Recently, Governor Charlie Baker called on state lawmakers to legalize sports betting. It would bring in about $35 to $60 million in new revenue with the allowance of online sports betting. Allowing sports gambling only in brick-and-mortar casinos alone would only net between $8 to $15 million annually.

My bet is that we'll get sports betting, but who would oversee it? What restrictions, if any, would be put in place? A lot of discussion is going on right now and a lot of questions are being raised, and since this is a complex industry, the lawmakers will be taking their time before reaching a decision.

When the state passed legislation to regulate daily fantasy sports in 2016, a nine-member committee was formed to study gambling. Boston-based DraftKings is ardently lobbying for sports gambling, as are other groups.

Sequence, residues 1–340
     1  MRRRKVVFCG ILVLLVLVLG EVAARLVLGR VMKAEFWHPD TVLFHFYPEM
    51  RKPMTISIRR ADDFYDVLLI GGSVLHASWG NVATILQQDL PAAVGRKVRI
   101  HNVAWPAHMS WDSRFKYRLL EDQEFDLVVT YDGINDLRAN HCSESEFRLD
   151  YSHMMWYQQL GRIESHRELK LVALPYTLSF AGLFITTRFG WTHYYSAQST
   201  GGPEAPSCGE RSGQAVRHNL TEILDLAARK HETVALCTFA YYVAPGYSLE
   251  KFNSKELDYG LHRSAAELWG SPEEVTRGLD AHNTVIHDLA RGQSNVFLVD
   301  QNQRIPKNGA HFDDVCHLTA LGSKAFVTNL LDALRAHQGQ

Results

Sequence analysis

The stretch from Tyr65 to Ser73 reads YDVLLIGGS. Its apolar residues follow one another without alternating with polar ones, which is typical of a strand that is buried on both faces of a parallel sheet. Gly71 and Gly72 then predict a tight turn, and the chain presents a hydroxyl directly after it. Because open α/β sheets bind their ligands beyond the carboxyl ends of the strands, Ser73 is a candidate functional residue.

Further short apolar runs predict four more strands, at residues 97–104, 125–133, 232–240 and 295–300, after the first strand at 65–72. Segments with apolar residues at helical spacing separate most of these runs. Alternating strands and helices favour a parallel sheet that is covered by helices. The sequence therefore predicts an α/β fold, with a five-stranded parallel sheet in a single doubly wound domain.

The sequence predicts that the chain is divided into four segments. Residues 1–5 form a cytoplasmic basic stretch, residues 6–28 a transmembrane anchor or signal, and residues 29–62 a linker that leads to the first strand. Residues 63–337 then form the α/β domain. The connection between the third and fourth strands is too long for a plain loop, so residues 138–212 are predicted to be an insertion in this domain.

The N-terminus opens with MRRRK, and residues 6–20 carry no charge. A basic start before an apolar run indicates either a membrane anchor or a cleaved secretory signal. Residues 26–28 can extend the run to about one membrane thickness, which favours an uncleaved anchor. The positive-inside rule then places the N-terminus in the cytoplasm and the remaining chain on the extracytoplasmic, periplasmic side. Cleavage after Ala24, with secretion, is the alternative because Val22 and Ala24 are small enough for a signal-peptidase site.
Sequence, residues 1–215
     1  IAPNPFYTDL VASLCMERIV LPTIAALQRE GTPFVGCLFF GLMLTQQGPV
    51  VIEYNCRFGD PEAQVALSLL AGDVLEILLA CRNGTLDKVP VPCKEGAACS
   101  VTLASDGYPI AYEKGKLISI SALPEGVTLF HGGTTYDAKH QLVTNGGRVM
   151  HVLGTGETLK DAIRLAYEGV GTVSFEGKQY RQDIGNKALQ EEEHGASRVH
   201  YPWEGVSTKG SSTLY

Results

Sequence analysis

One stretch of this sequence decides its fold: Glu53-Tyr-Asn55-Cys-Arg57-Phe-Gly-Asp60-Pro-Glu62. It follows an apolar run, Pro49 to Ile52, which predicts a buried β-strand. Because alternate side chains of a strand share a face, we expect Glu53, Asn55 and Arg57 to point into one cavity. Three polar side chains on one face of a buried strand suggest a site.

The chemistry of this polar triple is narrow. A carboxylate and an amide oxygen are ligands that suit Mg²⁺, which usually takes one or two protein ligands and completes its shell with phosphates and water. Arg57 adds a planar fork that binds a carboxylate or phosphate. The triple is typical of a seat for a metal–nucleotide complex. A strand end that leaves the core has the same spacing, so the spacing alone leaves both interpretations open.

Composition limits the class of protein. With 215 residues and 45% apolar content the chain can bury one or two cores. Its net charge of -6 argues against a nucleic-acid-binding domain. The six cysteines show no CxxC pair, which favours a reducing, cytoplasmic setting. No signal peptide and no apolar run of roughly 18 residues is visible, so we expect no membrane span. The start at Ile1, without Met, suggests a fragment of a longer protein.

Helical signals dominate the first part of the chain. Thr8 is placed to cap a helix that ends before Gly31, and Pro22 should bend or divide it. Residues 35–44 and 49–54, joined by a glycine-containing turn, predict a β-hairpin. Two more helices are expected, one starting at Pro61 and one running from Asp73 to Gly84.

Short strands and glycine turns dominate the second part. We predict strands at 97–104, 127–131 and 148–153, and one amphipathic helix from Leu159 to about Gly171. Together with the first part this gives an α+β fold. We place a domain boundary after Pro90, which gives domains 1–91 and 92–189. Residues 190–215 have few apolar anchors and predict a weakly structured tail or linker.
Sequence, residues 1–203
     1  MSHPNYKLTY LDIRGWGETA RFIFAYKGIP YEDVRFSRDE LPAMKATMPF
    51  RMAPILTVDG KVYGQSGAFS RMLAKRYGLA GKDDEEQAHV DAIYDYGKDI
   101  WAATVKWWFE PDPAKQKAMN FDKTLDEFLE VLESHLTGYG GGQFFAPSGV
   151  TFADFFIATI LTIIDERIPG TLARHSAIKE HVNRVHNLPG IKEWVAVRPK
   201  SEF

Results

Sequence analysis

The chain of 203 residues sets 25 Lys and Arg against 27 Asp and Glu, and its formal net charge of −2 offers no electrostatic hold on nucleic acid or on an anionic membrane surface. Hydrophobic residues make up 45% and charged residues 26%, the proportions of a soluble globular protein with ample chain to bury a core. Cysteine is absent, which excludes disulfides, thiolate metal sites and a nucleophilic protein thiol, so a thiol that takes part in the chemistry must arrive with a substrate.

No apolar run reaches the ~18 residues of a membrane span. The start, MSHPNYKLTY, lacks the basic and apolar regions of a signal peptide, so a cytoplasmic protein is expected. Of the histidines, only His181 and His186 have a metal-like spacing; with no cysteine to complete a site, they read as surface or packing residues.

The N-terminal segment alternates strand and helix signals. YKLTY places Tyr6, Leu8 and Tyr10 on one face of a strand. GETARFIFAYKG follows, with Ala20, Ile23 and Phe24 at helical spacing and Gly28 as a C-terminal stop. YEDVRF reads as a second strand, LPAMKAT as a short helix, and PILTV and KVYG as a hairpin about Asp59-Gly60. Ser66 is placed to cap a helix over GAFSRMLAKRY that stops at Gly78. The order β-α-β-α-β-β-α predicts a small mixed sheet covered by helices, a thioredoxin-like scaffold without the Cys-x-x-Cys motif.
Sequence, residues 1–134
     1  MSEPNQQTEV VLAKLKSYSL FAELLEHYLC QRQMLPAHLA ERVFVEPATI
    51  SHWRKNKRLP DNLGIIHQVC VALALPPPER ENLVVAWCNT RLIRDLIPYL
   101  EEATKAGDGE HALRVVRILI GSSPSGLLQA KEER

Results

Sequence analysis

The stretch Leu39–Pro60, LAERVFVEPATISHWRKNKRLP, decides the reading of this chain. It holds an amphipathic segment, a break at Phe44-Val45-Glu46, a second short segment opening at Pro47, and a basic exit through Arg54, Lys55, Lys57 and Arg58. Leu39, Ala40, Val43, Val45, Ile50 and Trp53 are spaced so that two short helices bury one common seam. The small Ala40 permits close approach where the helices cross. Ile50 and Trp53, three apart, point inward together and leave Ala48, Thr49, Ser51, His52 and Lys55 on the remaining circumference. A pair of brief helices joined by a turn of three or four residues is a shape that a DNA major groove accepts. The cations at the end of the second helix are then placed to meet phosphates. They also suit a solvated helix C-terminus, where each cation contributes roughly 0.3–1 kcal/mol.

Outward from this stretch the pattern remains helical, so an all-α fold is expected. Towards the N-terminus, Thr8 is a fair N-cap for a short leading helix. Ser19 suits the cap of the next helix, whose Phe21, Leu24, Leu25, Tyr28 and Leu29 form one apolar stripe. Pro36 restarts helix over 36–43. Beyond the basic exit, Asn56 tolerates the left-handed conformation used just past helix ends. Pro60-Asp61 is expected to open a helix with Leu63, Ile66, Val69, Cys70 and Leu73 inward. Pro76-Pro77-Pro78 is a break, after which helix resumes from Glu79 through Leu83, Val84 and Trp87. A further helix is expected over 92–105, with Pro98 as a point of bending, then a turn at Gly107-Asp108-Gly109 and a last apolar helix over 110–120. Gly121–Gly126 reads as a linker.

Online gambling is a major source of debate. It's possible that the lawmakers vote to legalize betting, but restricts it to live betting and the state's new brick-and-mortar casinos. Also, from what I could find, there's no plan to restrict sports betting on our very successful pro teams like the New England Patriots, Boston Celtics, Boston Red Sox and Boston Bruins. Rhode Island bookmakers took a huge hit on the last Super Bowl win for the Patriots that has set them back financially. That loss has generated talk on Beacon Hill, too.

I'm feeling positive about the odds of legalizing sports betting in Massachusetts sometime this year. In fact, I'd be willing to bet on it.

Phil Paleologos is the host of The Phil Paleologos Show on 1420 WBSM New Bedford. He can be heard weekdays from 6 a.m. to 10 a.m. Contact him at and follow him on Twitter @PhilPaleologos. The opinions expressed in this commentary are solely those of the author.

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